Qatar's C Series 'Issues' Hit Sour Note for Pratt

 - August 13, 2010, 8:17 AM
Qatar Airways CEO Akbar Al Baker aired his concerns over "sensitive commercial issues" surrounding the Pratt & Whitney PW1000G and Bombardier C Series during the Farnborough International Airshow. (Photo: Mark Wagner)

Qatar Airways CEO Akbar Al Baker's surprise revelation at the Farnborough airshow that "issues” with the Pratt & Whitney PW1000G geared turbofan engine had blocked an order for as many as 90 Bombardier C Series jets at the show seemed the last thing P&W needed at a critical time for the engine program.

Al Baker declined to elaborate, but added that he hoped that the problem “could be resolved soon.” His statement inevitably raised questions about the new technology P&W hopes to deliver to the next generation of single-aisle equipment, either re-engined or all new.

The geared fan technology does not in itself present a problem, however. “There are sensitive commercial issues,” said Al Baker. These might revolve around skepticism that P&W can indeed deliver on its claimed 20-percent saving in maintenance costs and the associated guarantees. Pratt & Whitney has been trying to convince the market that gearing the turbofan de-stresses the engine so much that it can deliver even better reliability than today's turbofans; unfortunately for Pratt, it appears not all the airlines believe it.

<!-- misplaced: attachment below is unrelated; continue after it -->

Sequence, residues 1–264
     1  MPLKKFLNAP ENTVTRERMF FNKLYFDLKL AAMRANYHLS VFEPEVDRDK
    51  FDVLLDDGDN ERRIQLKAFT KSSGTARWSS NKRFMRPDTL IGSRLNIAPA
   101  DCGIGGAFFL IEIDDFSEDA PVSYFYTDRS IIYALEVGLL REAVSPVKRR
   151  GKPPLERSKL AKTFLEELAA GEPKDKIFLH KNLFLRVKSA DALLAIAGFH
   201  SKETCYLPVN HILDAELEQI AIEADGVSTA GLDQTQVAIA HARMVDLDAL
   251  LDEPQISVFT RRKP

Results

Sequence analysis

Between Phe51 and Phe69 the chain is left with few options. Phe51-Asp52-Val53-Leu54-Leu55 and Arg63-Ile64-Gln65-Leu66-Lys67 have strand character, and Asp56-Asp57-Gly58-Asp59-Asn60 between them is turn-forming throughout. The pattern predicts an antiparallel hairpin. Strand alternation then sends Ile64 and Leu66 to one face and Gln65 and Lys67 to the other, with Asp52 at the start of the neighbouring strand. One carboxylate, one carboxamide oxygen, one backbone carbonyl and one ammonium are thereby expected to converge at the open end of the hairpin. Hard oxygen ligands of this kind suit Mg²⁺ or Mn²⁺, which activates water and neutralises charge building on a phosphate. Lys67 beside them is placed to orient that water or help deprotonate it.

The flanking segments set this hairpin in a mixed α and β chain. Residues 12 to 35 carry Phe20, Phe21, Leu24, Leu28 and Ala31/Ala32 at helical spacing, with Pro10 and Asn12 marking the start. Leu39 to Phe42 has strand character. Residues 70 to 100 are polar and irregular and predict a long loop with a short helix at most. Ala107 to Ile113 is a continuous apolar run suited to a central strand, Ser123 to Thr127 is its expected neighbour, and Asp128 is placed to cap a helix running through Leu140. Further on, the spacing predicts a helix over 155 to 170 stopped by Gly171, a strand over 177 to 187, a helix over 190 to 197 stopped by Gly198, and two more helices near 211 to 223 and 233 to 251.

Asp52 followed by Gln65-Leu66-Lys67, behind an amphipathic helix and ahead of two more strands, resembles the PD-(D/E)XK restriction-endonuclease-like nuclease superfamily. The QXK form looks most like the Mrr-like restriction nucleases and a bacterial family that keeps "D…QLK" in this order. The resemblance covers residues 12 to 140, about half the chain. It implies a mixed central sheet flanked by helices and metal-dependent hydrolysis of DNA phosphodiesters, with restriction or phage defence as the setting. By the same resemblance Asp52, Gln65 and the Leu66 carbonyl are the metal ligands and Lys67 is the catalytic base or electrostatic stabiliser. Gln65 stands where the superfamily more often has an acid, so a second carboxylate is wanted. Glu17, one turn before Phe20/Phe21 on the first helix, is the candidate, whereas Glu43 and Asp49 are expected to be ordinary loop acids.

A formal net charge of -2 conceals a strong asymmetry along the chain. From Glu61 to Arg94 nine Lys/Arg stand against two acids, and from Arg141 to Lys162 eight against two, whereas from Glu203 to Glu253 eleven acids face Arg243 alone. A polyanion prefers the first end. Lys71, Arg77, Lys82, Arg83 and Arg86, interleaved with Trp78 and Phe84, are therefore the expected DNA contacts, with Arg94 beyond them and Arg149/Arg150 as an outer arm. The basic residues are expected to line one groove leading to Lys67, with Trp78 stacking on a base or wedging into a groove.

However, the “issue” might be no more than a screen for Al Baker's real agenda–to wait and see whether Airbus and/or Boeing launch re-engined versions of their respective narrowbodies. At the show, he revealed that he had not ruled out that option. “If they bring an aircraft superior to the C Series in terms of seat-mile, maintenance and lower fuel burn, we'd think about it,” he said. There would still be a market for the C Series, he added. “It won't kill the program, but I would worry for them.” 

Of course, P&W might just have to defend a case for higher engine pricing based on claimed lower operating costs. The engine manufacturer told AIN at the show that any skepticism “would go away once they go through the data.” A spokesman for the company added that “we're talking to [Qatar] and to Bombardier and we're continuing to work to see if we can bring the order home.”